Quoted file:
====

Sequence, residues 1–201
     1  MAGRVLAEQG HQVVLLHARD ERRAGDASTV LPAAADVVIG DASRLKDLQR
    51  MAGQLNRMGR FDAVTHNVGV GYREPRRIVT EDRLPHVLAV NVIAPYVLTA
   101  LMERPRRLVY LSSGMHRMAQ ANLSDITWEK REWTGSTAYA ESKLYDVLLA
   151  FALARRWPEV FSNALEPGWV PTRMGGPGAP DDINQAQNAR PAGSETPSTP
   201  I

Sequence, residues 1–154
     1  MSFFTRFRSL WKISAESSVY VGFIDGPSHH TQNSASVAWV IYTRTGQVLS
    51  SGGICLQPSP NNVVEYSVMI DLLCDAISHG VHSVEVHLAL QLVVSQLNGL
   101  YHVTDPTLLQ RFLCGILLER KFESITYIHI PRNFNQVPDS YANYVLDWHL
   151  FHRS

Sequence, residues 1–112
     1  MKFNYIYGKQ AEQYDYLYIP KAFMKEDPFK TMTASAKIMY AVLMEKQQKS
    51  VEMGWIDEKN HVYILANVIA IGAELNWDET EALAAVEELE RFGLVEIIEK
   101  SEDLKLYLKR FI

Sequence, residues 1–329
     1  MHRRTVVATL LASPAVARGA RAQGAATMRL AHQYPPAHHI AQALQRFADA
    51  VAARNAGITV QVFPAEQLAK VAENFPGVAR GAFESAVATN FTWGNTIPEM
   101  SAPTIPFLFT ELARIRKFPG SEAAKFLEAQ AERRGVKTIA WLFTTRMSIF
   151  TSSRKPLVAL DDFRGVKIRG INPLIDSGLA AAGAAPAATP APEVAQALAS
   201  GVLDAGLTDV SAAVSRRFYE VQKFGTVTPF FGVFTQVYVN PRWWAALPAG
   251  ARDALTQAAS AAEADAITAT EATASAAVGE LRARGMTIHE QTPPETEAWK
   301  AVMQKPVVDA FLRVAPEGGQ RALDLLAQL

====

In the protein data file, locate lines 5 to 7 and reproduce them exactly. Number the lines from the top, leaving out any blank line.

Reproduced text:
   151  FALARRWPEV FSNALEPGWV PTRMGGPGAP DDINQAQNAR PAGSETPSTP
   201  I

Sequence, residues 1–154